Introduction to Sourdough Starter

Written by Warwick Quinton. Posted in Starter Recipes

 The thing about Sourdough Bread which makes it unique is the Starter it is made from.

Starters are living things - they eat, sleep, multiply and, if looked after correctly, can be very productive. Starter is tough, too - in the case of my own starter, it has had a long life (over 20 years), and while it's had a few close shaves, so far it's lived to tell the tale.

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I've referred to Sourdough Starter in past articles as a pet which lives in your fridge, and for good reason - if you don't look after it, it will turn on you. Beware. But if it's well fed and housed, it will be an eternal thing which could live longer than you do. Oh, and it also helps you to make great tasting sourdough breads!

I love all these different terms used to describe a Sourdough Leaven. Being an Aussie, I'll just refer to it as 'Starter' from now on, because that's what it does - it 'Starts' the dough on the process of rising, which is essential to making any bread edible.

The story of my own sourdough starter

 I began with a 'honey salt' method, which was popular with a local bakery in Glebe near where I lived at the time, Demeter Bakery. It was essentially flour and water, with a complex way of including honey and salt in there, which seemed to be part of the recipe for some quite esoteric reasons I never really understood. Eventually I simplified it to plain old flour and water, which made more interesting flavoured bread anyway.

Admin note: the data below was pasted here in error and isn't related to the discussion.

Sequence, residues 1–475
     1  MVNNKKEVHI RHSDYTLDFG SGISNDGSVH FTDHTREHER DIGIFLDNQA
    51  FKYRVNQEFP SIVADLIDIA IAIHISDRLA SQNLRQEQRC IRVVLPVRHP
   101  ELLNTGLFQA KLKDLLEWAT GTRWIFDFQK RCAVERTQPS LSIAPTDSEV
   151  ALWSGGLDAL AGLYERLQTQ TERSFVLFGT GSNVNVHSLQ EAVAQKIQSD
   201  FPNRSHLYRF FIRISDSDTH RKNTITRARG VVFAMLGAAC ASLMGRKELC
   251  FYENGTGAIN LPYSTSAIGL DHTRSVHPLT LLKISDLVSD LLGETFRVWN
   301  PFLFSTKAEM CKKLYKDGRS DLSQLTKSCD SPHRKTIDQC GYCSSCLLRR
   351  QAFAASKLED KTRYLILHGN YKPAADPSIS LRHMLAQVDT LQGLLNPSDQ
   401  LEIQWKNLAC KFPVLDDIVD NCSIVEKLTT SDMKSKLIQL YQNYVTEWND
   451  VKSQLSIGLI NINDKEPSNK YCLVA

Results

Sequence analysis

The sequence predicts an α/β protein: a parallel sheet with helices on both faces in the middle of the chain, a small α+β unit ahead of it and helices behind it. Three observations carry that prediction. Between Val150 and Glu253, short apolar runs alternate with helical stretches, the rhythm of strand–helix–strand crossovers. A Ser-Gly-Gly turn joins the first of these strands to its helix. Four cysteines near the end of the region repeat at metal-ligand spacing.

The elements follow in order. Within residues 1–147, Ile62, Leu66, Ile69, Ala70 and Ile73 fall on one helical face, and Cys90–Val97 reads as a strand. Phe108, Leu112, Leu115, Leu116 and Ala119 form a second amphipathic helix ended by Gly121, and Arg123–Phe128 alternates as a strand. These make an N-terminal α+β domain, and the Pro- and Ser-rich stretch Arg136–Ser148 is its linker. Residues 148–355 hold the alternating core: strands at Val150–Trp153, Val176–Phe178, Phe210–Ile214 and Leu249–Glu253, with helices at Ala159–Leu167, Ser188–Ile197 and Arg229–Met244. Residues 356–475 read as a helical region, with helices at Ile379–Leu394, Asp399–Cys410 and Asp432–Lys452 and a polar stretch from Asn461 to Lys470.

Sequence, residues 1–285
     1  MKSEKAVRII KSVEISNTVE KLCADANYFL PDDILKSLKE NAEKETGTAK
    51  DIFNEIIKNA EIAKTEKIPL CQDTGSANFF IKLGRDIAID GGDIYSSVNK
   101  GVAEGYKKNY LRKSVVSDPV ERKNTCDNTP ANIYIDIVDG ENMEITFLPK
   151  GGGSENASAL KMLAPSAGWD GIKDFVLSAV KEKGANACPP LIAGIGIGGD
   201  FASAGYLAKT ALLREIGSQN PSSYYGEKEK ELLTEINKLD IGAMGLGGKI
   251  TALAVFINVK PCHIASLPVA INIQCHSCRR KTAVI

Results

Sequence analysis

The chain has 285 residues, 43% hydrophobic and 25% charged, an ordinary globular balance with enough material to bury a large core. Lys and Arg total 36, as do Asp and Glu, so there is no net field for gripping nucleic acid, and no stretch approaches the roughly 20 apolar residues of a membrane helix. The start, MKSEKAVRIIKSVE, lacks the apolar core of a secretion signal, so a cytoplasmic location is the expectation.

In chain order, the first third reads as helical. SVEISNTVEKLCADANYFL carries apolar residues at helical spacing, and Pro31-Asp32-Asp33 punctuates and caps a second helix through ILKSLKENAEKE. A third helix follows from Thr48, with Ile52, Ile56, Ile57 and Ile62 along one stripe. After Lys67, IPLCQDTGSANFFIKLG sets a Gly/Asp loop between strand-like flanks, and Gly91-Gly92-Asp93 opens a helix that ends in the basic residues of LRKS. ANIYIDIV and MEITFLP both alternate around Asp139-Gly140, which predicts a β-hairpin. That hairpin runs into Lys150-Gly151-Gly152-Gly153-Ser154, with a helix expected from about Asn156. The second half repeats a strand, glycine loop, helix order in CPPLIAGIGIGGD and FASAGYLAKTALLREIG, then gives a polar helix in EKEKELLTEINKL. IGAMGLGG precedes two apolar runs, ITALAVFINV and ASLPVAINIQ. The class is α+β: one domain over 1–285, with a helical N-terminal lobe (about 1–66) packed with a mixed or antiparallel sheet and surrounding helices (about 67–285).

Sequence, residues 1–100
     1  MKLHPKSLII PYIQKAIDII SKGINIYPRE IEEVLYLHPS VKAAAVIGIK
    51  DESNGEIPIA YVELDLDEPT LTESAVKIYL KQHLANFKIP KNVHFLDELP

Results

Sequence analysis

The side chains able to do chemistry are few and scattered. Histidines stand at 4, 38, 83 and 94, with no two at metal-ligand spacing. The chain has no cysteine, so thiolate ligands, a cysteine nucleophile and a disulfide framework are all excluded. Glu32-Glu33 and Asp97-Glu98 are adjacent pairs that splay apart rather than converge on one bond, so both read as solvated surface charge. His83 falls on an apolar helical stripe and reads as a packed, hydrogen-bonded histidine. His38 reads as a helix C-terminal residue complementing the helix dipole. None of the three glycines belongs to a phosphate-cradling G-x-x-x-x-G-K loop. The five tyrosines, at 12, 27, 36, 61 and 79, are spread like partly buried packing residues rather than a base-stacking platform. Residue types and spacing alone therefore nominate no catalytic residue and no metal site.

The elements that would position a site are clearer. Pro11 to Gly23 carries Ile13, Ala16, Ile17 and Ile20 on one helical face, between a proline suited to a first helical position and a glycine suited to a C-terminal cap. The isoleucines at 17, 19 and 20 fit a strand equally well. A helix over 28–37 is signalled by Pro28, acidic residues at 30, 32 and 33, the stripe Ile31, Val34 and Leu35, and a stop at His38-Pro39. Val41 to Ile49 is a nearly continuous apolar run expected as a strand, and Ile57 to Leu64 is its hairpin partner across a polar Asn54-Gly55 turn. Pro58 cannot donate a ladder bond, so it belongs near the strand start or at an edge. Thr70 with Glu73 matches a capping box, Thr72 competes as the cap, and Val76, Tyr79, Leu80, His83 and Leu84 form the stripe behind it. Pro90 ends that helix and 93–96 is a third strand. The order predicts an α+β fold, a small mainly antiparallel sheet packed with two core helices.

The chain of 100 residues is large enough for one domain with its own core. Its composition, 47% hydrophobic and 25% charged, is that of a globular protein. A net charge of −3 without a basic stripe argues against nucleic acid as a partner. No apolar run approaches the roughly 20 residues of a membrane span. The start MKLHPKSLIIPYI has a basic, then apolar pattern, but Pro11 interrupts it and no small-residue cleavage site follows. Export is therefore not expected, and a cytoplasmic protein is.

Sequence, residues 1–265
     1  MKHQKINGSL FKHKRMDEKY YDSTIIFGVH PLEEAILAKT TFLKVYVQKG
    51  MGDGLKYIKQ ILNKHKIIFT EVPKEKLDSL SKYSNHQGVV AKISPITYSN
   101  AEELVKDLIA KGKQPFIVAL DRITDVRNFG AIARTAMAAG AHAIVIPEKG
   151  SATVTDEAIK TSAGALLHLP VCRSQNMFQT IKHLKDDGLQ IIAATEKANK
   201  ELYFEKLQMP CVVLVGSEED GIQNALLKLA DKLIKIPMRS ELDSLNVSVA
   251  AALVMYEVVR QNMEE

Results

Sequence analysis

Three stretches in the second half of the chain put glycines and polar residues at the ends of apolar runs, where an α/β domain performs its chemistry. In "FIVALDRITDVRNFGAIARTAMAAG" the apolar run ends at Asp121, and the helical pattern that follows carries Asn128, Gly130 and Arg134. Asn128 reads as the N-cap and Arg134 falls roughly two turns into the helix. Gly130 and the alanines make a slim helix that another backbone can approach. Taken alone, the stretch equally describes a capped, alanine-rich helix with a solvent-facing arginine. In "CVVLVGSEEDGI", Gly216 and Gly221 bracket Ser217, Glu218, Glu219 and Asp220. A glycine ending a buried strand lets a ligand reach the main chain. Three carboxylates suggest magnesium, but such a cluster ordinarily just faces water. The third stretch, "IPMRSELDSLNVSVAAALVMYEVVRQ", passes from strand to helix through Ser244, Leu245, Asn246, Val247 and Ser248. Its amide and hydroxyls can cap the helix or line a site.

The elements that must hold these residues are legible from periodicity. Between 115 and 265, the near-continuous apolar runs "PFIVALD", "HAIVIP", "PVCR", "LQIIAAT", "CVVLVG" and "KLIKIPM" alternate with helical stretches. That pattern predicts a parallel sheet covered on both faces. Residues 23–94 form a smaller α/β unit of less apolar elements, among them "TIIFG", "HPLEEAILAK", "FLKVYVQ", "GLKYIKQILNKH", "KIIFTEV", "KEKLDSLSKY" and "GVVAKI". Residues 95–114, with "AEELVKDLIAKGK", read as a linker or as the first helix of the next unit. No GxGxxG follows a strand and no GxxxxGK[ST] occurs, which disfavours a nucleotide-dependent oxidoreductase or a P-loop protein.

I've used all the grains in my starter - wheat, barley, rye, rice, spelt, oats, triticale, corn, millet and so on. I've also refreshed it with water from soaking raisins and sultanas too, as well as pineapple juice. These days I run three or four starters, based on the grain they are fed with - whole wheat, whole rye, whole khorosan and white wheat flours. I keep a spelt starter too, from time to time. I have backup copies in refrigerators all around the country, and some dried starter in a plastic box somewhere in the garage.

My starter has also been infused with some of the 'greats' over the past 20 years, including an Egyptian yeast that's over 2000 years old, a 'Cowboy' yeast (which is what the 'San Fransiscan' I mentioned earlier would have come from), as well as one of the original Australian Sourdough Bakers own ferments, by a guy called John Downes. He has a book called 'The Natural Tucker Bread Book'. It's still one of the best and simplest sourdough books around, but it is out of print these days. If you come across a copy, grab it. 

My Starter has lived in many locations, with many different bloodlines - I've incorporated all of the above starters into my own as a kind of 'cultural exchange', and in the process I've discovered that sourdough starter is tougher than people say it is. You just can't kill it - though you can mess it up, if you are really negligent.